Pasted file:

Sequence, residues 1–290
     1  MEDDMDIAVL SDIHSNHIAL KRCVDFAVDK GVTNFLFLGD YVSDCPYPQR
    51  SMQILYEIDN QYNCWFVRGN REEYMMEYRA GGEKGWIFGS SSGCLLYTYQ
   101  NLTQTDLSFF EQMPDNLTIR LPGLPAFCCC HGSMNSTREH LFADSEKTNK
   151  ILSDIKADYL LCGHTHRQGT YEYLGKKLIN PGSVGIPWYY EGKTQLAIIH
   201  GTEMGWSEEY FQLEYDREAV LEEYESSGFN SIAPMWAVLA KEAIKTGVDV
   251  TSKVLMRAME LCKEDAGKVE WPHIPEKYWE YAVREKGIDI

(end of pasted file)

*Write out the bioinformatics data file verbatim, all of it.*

Sequence, residues 1–290
     1  MEDDMDIAVL SDIHSNHIAL KRCVDFAVDK GVTNFLFLGD YVSDCPYPQR
    51  SMQILYEIDN QYNCWFVRGN REEYMMEYRA GGEKGWIFGS SSGCLLYTYQ
   101  NLTQTDLSFF EQMPDNLTIR LPGLPAFCCC HGSMNSTREH LFADSEKTNK
   151  ILSDIKADYL LCGHTHRQGT YEYLGKKLIN PGSVGIPWYY EGKTQLAIIH
   201  GTEMGWSEEY FQLEYDREAV LEEYESSGFN SIAPMWAVLA KEAIKTGVDV
   251  TSKVLMRAME LCKEDAGKVE WPHIPEKYWE YAVREKGIDI